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Scale 1989: "Dydian"

Scale 1989: Dydian, Ian Ring Music Theory

Bracelet Diagram

The bracelet shows tones that are in this scale, starting from the top (12 o'clock), going clockwise in ascending semitones. The "i" icon marks imperfect tones that do not have a tone a fifth above. Dotted lines indicate axes of symmetry.

Tonnetz Diagram

Tonnetz diagrams are popular in Neo-Riemannian theory. Notes are arranged in a lattice where perfect 5th intervals are from left to right, major third are northeast, and major 6th intervals are northwest. Other directions are inverse of their opposite. This diagram helps to visualize common triads (they're triangles) and circle-of-fifth relationships (horizontal lines).

Common Names

Zeitler
Dydian

Analysis

Cardinality

Cardinality is the count of how many pitches are in the scale.

7 (heptatonic)

Pitch Class Set

The tones in this scale, expressed as numbers from 0 to 11

{0,2,6,7,8,9,10}

Forte Number

A code assigned by theorist Allen Forte, for this pitch class set and all of its transpositional (rotation) and inversional (reflection) transformations.

7-9

Rotational Symmetry

Some scales have rotational symmetry, sometimes known as "limited transposition". If there are any rotational symmetries, these are the intervals of periodicity.

none

Reflection Axes

If a scale has an axis of reflective symmetry, then it can transform into itself by inversion. It also implies that the scale has Ridge Tones. Notably an axis of reflection can occur directly on a tone or half way between two tones.

none

Palindromicity

A palindromic scale has the same pattern of intervals both ascending and descending.

no

Chirality

A chiral scale can not be transformed into its inverse by rotation. If a scale is chiral, then it has an enantiomorph.

yes
enantiomorph: 1149

Hemitonia

A hemitone is two tones separated by a semitone interval. Hemitonia describes how many such hemitones exist.

4 (multihemitonic)

Cohemitonia

A cohemitone is an instance of two adjacent hemitones. Cohemitonia describes how many such cohemitones exist.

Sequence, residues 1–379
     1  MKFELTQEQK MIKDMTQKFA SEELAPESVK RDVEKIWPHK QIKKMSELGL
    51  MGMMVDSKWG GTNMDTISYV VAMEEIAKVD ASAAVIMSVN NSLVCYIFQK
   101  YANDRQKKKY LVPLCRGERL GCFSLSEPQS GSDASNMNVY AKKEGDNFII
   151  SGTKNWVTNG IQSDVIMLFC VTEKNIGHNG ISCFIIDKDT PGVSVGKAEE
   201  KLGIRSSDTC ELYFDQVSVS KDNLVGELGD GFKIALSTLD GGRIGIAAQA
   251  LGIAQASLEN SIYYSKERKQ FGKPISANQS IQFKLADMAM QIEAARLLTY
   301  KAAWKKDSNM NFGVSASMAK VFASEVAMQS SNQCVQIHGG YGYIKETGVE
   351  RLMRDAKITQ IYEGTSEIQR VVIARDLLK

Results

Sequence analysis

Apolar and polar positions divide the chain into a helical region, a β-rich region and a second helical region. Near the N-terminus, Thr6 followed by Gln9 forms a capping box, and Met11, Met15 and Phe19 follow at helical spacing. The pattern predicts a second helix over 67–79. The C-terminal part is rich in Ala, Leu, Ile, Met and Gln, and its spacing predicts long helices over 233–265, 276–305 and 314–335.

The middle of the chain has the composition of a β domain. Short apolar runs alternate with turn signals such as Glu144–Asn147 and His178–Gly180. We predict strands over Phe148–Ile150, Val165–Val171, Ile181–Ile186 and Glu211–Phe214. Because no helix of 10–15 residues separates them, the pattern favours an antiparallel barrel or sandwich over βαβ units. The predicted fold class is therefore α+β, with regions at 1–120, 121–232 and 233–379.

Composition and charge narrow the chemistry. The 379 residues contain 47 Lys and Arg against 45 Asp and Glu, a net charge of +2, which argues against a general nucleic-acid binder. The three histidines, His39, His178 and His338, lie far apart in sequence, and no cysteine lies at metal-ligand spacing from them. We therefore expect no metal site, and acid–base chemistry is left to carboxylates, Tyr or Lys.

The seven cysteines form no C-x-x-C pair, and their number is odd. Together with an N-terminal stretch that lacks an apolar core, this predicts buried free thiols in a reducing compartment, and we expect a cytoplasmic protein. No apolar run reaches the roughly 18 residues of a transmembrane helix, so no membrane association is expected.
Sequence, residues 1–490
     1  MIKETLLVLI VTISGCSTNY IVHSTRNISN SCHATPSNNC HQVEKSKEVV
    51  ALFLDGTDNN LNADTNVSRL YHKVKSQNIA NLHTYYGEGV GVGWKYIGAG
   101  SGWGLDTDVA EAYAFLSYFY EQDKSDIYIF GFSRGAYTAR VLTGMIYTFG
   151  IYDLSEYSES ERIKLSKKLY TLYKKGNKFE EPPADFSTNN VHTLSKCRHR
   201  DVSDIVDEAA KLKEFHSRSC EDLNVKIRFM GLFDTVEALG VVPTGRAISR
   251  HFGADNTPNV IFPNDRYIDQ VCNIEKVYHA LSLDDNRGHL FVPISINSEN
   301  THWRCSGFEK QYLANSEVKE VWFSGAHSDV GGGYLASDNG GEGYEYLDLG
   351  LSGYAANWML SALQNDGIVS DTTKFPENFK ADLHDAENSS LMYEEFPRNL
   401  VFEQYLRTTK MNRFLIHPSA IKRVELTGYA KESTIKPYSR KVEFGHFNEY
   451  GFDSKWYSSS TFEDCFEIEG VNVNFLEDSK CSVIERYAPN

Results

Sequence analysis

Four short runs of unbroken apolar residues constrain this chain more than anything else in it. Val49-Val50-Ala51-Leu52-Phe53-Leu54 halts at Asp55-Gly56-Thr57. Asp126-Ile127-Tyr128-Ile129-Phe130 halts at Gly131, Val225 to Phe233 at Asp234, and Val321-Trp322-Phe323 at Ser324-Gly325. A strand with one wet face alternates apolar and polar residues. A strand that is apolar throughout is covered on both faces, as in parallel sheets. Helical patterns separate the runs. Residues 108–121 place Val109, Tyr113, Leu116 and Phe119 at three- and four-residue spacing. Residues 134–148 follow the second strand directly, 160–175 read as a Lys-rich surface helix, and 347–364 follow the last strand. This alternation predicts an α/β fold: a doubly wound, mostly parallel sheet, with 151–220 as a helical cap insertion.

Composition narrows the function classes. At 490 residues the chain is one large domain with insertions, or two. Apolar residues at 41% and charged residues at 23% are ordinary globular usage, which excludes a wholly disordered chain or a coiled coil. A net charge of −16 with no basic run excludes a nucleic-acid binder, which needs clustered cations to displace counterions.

3 (tricohemitonic)

Imperfections

An imperfection is a tone which does not have a perfect fifth above it in the scale. This value is the quantity of imperfections in this scale.

4

Modes

Modes are the rotational transformations of this scale. This number does not include the scale itself, so the number is usually one less than its cardinality; unless there are rotational symmetries then there are even fewer modes.

6

Prime Form

Describes if this scale is in prime form, using the Rahn/Ring formula.

no
prime: 351

Generator

Indicates if the scale can be constructed using a generator, and an origin.

none

Deep Scale

A deep scale is one where the interval vector has 6 different digits.

no

Interval Formula

Defines the scale as the sequence of intervals between one tone and the next.

[2, 4, 1, 1, 1, 1, 2]

Interval Vector

Describes the intervallic content of the scale, read from left to right as the number of occurences of each interval size from semitone, up to six semitones.

<4, 5, 3, 4, 3, 2>

Interval Spectrum

The same as the Interval Vector, but expressed in a syntax used by Howard Hanson.

p3m4n3s5d4t2

Distribution Spectra

Describes the specific interval sizes that exist for each generic interval size. Each generic <g> has a spectrum {n,...}. The Spectrum Width is the difference between the highest and lowest values in each spectrum.

<1> = {1,2,4}
<2> = {2,3,4,5,6}
<3> = {3,4,5,6,7,8}
<4> = {4,5,6,7,8,9}
<5> = {6,7,8,9,10}
<6> = {8,10,11}

Spectra Variation